What can actually be learned from watching this unfortunate case unfold.  I have some opinions: It is likely that Zimmerman created a confrontation where one was unnecessary.  The police were on their way, and as we know, Martin was innocent of any wrong doing.  That confrontation spiraled out of control to the point of Zimmerman shooting and killing Martin.

The question is why?  I would propose that Zimmerman's carrying of a concealed weapon gave him the "courage" to confront Martin as opposed to simply staying in his car.  And, worse, the concealed nature of his weapon led Martin to have the "courage" to confront Zimmerman with the affront to this liberty.

Had Zimmerman not had a weapon, or had Martin clearly known that the weapon existed, it is likely that one of them would have backed off from a confrontation.

In retrospect, Zimmerman probably had good intentions when joining a neighborhood watch group.  And, it's likely that his desire to be in law enforcement raised his interest.  It's also likely that had Martin been white, and not wearing a hoody, that Zimmerman would have looked the other way.  As well, it's likely that had Martin been stopped by the police he would have been justifiably angry, but passive in offering any resistance.

This unfortunate episode is a composite result from our legacy of slavery and idiocy concerning gun laws.  One we can only hope to repair, the other we can effect immediately.

I do have some suggestions for a resolution through changes in Florida's (and other state's) laws.  It should be required that a carrier of a concealed weapon, especially one who is acting in the surrogate role of the police, be adequately trained in police methods for minimizing and not escalating the likelihood of physical violence when confronting a suspect.  For example, from the "cop shows" that I've watched, it's likely that a trained officer in Zimmerman's position would have:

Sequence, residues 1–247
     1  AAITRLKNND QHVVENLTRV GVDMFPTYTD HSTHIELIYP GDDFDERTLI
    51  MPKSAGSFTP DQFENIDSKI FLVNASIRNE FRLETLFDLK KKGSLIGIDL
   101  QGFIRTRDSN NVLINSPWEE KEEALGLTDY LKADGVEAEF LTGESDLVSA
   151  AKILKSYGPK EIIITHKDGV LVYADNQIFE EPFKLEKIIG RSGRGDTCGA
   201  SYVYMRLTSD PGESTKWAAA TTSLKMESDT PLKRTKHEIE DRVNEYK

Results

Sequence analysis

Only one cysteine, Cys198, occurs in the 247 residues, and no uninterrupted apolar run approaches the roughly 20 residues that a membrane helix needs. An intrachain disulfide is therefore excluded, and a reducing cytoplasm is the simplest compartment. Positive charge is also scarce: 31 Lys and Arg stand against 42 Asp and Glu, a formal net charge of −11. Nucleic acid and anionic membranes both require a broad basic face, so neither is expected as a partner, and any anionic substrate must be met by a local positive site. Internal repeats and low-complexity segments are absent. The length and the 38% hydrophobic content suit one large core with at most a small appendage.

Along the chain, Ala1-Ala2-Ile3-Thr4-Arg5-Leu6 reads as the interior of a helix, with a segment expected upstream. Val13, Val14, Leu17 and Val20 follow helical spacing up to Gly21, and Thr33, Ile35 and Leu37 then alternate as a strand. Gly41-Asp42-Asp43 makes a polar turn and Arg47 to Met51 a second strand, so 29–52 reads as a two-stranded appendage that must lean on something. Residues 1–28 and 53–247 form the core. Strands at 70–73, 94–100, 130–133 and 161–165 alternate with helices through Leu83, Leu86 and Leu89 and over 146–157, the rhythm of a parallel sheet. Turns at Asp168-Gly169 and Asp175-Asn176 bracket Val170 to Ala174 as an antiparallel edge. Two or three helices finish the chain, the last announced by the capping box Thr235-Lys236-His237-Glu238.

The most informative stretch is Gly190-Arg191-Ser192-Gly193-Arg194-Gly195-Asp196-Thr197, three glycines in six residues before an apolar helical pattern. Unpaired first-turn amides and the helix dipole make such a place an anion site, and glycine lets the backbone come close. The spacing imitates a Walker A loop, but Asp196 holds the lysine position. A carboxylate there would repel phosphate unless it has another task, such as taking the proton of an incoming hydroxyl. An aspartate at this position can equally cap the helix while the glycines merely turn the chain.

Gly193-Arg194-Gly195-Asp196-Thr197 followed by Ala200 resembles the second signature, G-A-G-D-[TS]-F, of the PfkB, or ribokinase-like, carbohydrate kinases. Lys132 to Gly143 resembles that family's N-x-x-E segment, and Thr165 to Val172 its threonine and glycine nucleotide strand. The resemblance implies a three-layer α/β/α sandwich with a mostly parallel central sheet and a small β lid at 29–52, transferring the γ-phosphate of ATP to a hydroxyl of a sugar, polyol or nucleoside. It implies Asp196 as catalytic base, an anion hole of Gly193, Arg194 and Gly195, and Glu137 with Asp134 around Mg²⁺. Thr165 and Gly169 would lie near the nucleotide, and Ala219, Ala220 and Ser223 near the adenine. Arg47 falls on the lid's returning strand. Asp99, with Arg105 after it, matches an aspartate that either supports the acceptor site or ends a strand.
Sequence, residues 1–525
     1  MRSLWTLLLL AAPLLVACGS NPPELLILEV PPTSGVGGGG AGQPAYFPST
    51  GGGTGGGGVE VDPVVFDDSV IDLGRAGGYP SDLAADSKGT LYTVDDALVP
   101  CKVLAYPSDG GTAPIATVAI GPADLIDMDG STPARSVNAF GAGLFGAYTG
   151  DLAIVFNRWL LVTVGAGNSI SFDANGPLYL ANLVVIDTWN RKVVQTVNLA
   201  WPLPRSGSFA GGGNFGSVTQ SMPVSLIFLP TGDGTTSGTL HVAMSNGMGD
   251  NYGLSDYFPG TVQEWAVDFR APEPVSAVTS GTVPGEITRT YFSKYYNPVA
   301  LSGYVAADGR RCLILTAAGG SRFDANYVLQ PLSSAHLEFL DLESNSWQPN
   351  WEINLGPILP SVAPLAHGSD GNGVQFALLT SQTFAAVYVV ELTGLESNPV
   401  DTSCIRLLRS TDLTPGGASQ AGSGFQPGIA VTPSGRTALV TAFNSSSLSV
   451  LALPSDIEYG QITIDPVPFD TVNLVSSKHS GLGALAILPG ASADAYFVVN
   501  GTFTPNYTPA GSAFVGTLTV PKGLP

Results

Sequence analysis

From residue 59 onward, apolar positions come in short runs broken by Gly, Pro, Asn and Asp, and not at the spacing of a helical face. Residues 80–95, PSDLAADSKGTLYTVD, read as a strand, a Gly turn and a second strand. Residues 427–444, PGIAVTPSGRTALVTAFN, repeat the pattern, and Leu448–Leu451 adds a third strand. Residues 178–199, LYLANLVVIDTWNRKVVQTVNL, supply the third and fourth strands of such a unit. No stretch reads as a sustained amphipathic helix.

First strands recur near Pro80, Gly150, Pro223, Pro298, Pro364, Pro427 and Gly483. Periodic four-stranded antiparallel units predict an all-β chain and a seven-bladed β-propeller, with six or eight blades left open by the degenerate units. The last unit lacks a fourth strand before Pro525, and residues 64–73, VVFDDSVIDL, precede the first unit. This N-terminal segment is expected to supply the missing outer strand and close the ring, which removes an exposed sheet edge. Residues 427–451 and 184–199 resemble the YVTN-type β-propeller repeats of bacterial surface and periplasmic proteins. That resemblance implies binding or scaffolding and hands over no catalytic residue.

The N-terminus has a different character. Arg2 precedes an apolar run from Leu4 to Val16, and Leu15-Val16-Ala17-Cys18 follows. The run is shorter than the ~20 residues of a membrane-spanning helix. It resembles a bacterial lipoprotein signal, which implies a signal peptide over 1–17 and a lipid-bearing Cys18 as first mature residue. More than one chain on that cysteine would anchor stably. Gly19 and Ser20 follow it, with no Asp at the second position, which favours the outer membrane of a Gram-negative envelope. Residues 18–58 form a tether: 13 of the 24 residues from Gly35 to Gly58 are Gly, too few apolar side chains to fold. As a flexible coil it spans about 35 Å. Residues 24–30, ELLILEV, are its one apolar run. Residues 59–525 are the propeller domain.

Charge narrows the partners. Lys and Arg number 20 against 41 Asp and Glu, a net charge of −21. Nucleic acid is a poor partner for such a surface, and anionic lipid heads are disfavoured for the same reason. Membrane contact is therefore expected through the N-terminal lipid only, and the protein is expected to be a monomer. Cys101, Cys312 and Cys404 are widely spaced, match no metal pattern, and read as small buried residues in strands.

1. Informed the suspect that he had a weapon and was prepared to use it if approached.  It's likely that the weapon would be visible to the suspect, either in an unstrapped holster, or drawn.

2. Stayed a minimum distance from the suspect and instructed the suspect to drop to the ground until help could be obtained.

In retrospect, I do believe that Zimmerman was guilty of manslaughter because, much like the drunk driver of a several-thousand pound vehicle, Zimmerman had a duty when in control of a lethal weapon, to properly manage its use in a way that protects the public.  Like the drunk driver, his actions were irresponsible and involuntary manslaughter would probably have been a proper sentence.   As well, a short incarceration would have sent a clear message to all communities that this behavior is not tolerated.